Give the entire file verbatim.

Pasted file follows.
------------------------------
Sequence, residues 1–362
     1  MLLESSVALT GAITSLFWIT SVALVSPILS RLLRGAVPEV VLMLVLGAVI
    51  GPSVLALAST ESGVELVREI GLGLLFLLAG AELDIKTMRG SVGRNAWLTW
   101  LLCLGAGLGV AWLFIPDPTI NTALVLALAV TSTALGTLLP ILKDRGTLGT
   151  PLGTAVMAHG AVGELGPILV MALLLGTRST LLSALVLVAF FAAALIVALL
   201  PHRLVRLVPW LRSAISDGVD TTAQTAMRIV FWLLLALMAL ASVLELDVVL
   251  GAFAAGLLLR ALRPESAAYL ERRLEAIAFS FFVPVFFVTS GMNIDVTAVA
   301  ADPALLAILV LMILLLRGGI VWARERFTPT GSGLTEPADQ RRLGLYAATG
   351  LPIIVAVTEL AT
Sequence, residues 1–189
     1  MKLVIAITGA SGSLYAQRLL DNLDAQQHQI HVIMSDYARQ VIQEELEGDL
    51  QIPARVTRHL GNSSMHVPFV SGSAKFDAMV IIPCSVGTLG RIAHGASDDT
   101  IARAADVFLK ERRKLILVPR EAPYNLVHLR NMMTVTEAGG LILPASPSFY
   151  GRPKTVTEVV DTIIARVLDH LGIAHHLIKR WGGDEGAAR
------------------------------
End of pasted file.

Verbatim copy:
Sequence, residues 1–362
     1  MLLESSVALT GAITSLFWIT SVALVSPILS RLLRGAVPEV VLMLVLGAVI
    51  GPSVLALAST ESGVELVREI GLGLLFLLAG AELDIKTMRG SVGRNAWLTW
   101  LLCLGAGLGV AWLFIPDPTI NTALVLALAV TSTALGTLLP ILKDRGTLGT
   151  PLGTAVMAHG AVGELGPILV MALLLGTRST LLSALVLVAF FAAALIVALL
   201  PHRLVRLVPW LRSAISDGVD TTAQTAMRIV FWLLLALMAL ASVLELDVVL
   251  GAFAAGLLLR ALRPESAAYL ERRLEAIAFS FFVPVFFVTS GMNIDVTAVA
   301  ADPALLAILV LMILLLRGGI VWARERFTPT GSGLTEPADQ RRLGLYAATG
   351  LPIIVAVTEL AT
Sequence, residues 1–189
     1  MKLVIAITGA SGSLYAQRLL DNLDAQQHQI HVIMSDYARQ VIQEELEGDL
    51  QIPARVTRHL GNSSMHVPFV SGSAKFDAMV IIPCSVGTLG RIAHGASDDT
   101  IARAADVFLK ERRKLILVPR EAPYNLVHLR NMMTVTEAGG LILPASPSFY
   151  GRPKTVTEVV DTIIARVLDH LGIAHHLIKR WGGDEGAAR